The figure of Third-Party Funding
In recent years, international arbitration has been influenced by “Third Party Funding”, known as “TPF.” In Spanish, it can be translated as “Terceros Financistas” (third-party financiers), “Inversionistas de Pleitos” (dispute investors) or “Financiamiento por Terceros” (third-party financing).
TPFs emerge as an alternative when parties do not have the financial resources to enforce their rights, given that arbitration generates considerable costs and expenses. In these cases, TPFs appear as third parties external to the process, with the role of financing the costs of the arbitration proceedings in return for a benefit.
The emergence of TPFs in the arbitration scene raises several questions and concerns as to whether the parties are required to disclose the existence of a TPF to provide full transparency in the arbitral proceedings and to enable the arbitrators to determine the existence of a conflict of interest that could affect the integrity of the arbitral proceedings and the validity of the arbitration award.
The duty to disclose or reveal the identity of the TPF has been reflected in the leading international arbitration rules, including the Arbitration Rules of the International Chamber of Commerce (ICC). The amendments that entered into force in January 2021 included the obligation for the parties to disclose financing agreements with third parties. Each party must promptly inform the secretariat, the arbitral tribunal, and the other parties of the existence of any third party that has agreed to finance the claims or defenses, within the framework of which it has an economic interest in the outcome of the arbitration.
In the middle of this year, the new Regulations and Rules of the International Centre for Settlement of Investment Disputes (ICSID) entered into force. With this update, it was established as a mandatory requirement that the parties to the arbitration disclose financing by third parties. In addition, the rule requires that, if a legal entity grants the funding, to disclose who controls it. The arbitral tribunal may order that additional information in relation to the financing agreement or the third-party financier be disclosed.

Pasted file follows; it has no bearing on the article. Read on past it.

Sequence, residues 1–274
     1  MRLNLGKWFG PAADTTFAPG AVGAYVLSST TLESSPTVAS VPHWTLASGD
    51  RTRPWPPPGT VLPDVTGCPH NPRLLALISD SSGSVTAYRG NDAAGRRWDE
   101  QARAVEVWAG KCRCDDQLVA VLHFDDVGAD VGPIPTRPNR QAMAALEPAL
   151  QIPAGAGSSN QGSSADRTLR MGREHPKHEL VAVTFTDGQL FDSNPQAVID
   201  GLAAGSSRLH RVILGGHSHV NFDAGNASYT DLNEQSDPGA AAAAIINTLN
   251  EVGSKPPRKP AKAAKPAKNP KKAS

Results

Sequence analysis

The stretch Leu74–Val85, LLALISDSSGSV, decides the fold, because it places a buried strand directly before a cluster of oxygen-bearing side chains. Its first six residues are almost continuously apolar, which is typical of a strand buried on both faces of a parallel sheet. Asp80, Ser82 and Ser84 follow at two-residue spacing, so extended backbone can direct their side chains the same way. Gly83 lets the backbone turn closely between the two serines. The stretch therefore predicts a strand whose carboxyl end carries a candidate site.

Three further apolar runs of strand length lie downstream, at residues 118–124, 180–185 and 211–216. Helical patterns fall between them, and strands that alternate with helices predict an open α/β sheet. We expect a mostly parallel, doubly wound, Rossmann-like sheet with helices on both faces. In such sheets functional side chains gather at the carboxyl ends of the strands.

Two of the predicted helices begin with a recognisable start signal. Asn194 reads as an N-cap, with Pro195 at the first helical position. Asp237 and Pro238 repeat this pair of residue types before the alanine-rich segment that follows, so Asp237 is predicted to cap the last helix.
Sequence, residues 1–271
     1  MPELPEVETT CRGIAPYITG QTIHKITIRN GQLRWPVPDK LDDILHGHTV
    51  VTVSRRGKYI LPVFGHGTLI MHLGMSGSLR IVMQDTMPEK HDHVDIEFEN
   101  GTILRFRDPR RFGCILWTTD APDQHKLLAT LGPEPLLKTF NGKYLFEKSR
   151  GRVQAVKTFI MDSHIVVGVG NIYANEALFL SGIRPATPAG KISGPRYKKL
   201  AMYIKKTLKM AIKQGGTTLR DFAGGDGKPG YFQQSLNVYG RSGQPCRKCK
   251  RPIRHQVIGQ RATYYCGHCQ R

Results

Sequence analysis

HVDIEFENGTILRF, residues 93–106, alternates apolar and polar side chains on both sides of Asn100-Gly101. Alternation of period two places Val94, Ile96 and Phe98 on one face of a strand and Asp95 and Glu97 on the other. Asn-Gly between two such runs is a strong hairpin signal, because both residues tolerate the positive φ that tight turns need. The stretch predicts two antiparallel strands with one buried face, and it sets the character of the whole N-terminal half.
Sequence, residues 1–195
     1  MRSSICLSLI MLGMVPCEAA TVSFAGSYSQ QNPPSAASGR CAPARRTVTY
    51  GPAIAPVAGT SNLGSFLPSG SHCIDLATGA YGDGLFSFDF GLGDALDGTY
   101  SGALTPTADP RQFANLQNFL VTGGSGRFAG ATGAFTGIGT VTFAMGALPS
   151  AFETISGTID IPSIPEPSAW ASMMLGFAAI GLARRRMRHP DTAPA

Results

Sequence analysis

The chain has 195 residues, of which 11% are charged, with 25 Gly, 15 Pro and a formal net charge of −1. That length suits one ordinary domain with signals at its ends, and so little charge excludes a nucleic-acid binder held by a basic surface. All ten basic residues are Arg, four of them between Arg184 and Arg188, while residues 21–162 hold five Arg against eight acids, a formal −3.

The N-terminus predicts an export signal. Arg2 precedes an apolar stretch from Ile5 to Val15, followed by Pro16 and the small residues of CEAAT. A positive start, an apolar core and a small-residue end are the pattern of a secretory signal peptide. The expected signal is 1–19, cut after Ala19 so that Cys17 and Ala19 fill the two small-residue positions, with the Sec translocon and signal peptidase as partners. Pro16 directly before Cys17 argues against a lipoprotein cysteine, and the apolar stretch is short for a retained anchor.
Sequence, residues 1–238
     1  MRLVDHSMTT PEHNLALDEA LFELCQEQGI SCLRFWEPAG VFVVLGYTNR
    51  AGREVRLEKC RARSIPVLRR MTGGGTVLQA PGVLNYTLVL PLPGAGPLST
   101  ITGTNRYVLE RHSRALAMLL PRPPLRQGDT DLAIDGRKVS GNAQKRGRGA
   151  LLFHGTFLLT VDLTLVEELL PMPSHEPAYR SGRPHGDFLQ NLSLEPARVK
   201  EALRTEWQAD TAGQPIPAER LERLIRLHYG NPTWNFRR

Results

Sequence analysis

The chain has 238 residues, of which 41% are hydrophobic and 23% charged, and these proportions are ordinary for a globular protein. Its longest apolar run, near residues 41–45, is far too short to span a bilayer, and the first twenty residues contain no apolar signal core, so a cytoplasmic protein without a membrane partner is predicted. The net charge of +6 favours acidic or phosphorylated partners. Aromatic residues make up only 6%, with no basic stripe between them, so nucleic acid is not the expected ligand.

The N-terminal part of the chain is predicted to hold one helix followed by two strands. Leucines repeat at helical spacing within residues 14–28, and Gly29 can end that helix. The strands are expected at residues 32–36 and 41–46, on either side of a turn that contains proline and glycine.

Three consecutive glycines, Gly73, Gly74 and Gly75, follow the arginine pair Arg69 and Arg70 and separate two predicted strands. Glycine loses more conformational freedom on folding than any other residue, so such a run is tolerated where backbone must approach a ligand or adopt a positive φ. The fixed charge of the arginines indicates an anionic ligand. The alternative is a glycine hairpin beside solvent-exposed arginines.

On its part, the International Bar Association (IBA), through the IBA Guidelines on Conflicts of Interest in International Arbitration adopted in 2014, also provides that when one of the parties is a legal entity, other natural or legal entities may have a controlling relationship over that entity, a direct economic interest in, or an obligation to indemnify a party for the arbitration award to be issued in the arbitration. All of the above can be considered a potential conflict of interest. Therefore, it is the duty of the parties and the arbitrator to disclose, on their own initiative and as promptly as possible, any direct or indirect relationship that may exist.
In Panama, Law 131 of December 31, 2013, “That regulates National and International Commercial Arbitration in Panama”, in its article 25 establishes that the arbitrator, from the time of his appointment and during all arbitral proceedings, shall promptly disclose to the parties, circumstances which may give rise to justified doubts about his impartiality or independence unless he has already informed about them. Thus, it can be concluded that under the Panamanian Arbitration Law, an arbitrator can be declared disqualified if he has any relationship with a TPF that can give rise to justified doubts about his impartiality or independence. However, it does not establish the obligation of the parties to disclose the existence of a TPF.
Attorney in Alcogal
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